Code Talker (Book Review)

Chester Nez in 2011, the year CodeTalker was published.

Chester Nez (with Judith Schiess Avila), Code Talker: The first and only memoir by one of the original Navajo code talkers of W.W.II, New York: Berkeley Caliber, 2011.

Can an autobiography be “authorized”? This one is conventional in  many ways — organised chronologically, written in the first person singular, and careful to stick with  facts. In fact it is careful, controlled, to the point where readers might wish for the occasional outburst of anger or flight of fancy, some departure from what can begin to seem like testimony, an effort to ward of potential doubts or misunderstandings about what happened to Chester Nez. Perhaps he was guided by the journalist who made hours of tapes with him, at length deciding the book should be his words, that is, an edited transcription, rather than a biography. But I had the sense of someone who continued to find his experience astonishing, even in long retrospect, that he was telling his story not just for himself, but as an affirmation: for one brief shining moment, Navajo had been the basis of an unbreakable code that was strategically critical to US victory in the Pacific.  The project was shrouded in secrecy, both as it was in progress and after: the 29 men who had developed the code had literally embodied it — no references, nothing written. They spoke, listened and cranked a manual generator — for long hours under harsh conditions, with no breaches of discipline or security. It worked.  It proved capable of transmitting any message, and no one was ever able to crack it.  The US did formally express its gratitude by awarding Medals of Honor, but only after the code was declassified in 1968 — 23 years after the victory it had facilitated.

In this book Chester Nez comes across as someone who did not consider himself heroic or even extraordinary.  This is the story of a Navaho man of suitable age and education who was recruited by the US Marine Corps in the early 1940s explicitly for his capacity to speak both Navaho and English. He does remark on the irony of suddenly being valued for exactly the skill that the same entity — that is, the “United States” — had tried so hard to supress in his formal education. But Nez is nothing if not even-handed, “fair,” or perhaps accommodating. The man who is telling the story doesn’t take sides: he is both a Navaho and a decorated US Marine, someone who recovers from post- traumatic stress (by a different name at the time) by means of a healing ceremony lasting many days and involving the whole tribe. He also wears his Marine dress blues to his own wedding. Even in his painful account of the years in  boarding school, where he was forced learn English and abstain from speaking or hearing his native language, but also to endure food shortages, inadequate living conditions, and senseless, demeaning punishments, he sticks to “hard” evidence, specific situations and personalities, resisting racial or cultural generalisations.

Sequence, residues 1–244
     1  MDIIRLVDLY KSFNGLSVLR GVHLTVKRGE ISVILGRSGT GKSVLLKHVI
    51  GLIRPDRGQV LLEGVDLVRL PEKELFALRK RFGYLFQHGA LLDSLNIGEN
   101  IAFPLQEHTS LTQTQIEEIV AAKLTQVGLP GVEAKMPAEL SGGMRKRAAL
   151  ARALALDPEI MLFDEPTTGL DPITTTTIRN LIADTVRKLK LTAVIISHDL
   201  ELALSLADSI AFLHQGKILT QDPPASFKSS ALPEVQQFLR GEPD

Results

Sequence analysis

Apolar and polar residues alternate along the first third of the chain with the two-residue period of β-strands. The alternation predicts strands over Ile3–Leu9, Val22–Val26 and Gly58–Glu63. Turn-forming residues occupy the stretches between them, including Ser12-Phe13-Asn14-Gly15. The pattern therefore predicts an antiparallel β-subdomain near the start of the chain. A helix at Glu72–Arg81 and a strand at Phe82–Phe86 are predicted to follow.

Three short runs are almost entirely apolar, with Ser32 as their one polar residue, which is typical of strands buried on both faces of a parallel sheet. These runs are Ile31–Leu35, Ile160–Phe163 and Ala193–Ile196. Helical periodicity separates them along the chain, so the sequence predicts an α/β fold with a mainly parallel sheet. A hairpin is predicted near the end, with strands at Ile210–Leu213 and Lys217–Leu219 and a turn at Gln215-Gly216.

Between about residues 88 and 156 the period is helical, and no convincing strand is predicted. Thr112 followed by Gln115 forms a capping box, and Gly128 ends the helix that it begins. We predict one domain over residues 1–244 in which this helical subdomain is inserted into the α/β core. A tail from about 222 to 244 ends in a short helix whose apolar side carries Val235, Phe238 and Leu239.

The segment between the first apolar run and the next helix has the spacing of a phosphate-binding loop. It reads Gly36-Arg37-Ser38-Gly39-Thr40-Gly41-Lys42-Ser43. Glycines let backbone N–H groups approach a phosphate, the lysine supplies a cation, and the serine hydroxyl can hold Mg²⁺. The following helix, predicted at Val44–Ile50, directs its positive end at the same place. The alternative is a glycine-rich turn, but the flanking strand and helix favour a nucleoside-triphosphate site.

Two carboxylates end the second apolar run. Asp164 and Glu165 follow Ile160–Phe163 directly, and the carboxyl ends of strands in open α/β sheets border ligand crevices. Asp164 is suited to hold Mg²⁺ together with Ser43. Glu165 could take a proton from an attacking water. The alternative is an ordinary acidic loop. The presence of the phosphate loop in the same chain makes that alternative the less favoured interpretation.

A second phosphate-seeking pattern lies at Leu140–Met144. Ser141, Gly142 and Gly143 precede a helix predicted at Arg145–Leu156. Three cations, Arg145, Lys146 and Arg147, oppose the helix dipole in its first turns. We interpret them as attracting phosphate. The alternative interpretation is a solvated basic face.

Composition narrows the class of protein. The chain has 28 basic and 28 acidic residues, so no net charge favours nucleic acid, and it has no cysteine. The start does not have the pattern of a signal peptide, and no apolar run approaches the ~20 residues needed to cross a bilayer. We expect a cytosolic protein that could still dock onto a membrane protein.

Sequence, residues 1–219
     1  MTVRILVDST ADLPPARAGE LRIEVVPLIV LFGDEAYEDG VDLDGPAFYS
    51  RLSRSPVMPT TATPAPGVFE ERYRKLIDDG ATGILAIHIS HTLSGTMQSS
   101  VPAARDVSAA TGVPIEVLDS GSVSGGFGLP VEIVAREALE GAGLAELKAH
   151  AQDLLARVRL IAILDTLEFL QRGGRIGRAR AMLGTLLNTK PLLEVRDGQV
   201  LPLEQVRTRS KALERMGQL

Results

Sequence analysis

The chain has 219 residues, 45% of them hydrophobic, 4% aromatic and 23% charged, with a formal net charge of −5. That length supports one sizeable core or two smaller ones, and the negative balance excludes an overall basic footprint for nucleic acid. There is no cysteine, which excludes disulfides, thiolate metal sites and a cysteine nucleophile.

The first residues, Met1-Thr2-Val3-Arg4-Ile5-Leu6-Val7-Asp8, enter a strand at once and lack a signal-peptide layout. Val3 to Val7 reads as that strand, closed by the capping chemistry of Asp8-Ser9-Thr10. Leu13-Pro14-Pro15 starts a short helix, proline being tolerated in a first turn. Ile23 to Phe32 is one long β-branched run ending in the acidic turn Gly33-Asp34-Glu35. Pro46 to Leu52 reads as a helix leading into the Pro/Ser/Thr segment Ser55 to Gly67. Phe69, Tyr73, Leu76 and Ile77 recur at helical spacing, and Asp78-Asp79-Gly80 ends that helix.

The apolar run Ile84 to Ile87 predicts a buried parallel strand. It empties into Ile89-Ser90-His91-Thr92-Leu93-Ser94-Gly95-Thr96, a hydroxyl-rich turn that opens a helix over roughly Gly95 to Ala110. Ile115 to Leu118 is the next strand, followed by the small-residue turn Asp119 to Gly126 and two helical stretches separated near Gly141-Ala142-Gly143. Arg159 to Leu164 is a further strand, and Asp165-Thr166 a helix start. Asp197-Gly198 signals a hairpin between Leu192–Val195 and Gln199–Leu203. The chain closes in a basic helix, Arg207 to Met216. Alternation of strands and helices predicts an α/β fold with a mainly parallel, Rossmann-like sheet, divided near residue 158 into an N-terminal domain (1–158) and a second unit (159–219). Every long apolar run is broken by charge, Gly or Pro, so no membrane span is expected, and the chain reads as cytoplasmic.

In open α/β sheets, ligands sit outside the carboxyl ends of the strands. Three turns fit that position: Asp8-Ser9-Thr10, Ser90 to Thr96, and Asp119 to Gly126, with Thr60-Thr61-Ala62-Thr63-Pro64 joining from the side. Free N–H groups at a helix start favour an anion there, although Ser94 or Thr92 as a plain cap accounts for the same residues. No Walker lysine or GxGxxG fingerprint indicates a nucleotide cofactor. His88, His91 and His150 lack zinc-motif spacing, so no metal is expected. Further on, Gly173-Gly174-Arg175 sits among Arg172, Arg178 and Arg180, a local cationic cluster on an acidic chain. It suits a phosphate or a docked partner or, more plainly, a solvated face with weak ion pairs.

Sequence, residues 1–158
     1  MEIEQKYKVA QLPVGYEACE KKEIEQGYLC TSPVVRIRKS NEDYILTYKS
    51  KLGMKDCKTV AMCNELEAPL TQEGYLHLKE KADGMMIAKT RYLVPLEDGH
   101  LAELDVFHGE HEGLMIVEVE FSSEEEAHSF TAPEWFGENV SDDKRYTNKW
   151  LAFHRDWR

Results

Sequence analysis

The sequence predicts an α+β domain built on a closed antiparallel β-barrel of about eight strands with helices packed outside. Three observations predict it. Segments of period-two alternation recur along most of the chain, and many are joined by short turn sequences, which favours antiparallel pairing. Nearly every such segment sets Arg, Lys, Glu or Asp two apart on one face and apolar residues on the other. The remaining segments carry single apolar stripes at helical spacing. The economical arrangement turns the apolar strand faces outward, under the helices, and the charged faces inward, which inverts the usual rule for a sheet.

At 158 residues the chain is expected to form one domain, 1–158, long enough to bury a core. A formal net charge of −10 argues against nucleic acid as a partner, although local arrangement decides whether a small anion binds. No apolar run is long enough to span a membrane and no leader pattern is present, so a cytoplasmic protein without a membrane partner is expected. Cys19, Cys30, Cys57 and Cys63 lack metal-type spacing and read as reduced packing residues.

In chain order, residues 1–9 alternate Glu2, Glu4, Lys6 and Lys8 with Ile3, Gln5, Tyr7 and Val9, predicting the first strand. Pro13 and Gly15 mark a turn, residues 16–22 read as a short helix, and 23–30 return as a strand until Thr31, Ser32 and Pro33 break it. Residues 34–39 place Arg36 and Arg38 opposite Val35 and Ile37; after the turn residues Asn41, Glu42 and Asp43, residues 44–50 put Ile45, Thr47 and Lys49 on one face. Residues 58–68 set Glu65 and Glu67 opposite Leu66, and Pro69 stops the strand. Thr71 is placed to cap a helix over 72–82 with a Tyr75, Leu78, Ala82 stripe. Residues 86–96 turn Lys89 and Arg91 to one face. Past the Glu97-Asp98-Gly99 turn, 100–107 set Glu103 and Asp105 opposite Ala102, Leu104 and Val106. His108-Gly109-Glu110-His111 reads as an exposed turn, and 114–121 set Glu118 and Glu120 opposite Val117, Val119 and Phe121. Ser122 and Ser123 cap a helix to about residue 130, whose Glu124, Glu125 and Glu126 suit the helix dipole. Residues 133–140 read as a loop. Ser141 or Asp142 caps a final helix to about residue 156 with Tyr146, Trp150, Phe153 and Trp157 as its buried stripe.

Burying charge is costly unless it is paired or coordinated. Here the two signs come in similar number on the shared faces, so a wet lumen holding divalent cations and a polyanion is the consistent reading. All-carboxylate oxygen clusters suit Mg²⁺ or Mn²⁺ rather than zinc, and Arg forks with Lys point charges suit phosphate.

In fact a reader can come away with a sense of a hypothetical, rather than an actual person.  The narrator seems to insist that he only made the decisions that any “ordinary” person would have made, perceived what anyone under the same conditions would have perceived: yes, value systems sometimes clashed, as one would expect: the Marine Corps expected living soldiers to stay and fight even if the dead were all around, an unthinkably repulsive situation for a Navajo; in basic training, the sergeant might shout orders face-to-face at close range, as no Navajo ever would.  And there were also points of convergence, the pleasure of a team working together against an enemy, the pride  excelling at one’s own particular contribution to that team — convergences that finally earned a Medal of Honor.

Clearly Nez excelled in a number of critical respects. He excelled on the shooting range.  He coped exceptionally well with authority — that of Navaho tradition, that of a hated school, and that  of the United States Marine Corps. But it was in his description of the particular qualities of the Navaho language, some very subtle, that he became real, particular for me:

The Navaho language is very exact, with fine shades of meaning that are missing in English.  Our language illustrates the Diné‘s relationship to nature.  Everything that happens in our lives happens in relationship to the world that surrounds us… Pronunciation, too, is complex. Navajo is a tonal language with four tones: high, low, rising and falling.  The tone used can completely change the meaning of a word.  The words for “medicine” and “mouth” are pronounced in the same way, but they are differentiated by tone.  Glottal and aspirated stops are also employed. Given these complexities, native speakers of any other language are generally unable to properly pronounce most Navajo words…English can be spoken sloppily and still be understood.  Not so with the Navajo language.  So, even though our assigned task — developing a code — made us nervous, we realized that we brought the right skills to the job. (104-5)

Here, Chester Nez the linguist, suddenly emerges as the person who could sense the strengths and weaknesses of two dramatically different languages, and who further lived between the structures of a society grounded in oral transmission and one that unthinkingly assumes literacy — written structures of law, history, and technology. He “wrote” this book on tape, in transcription.  No wonder he resisted taking sides.

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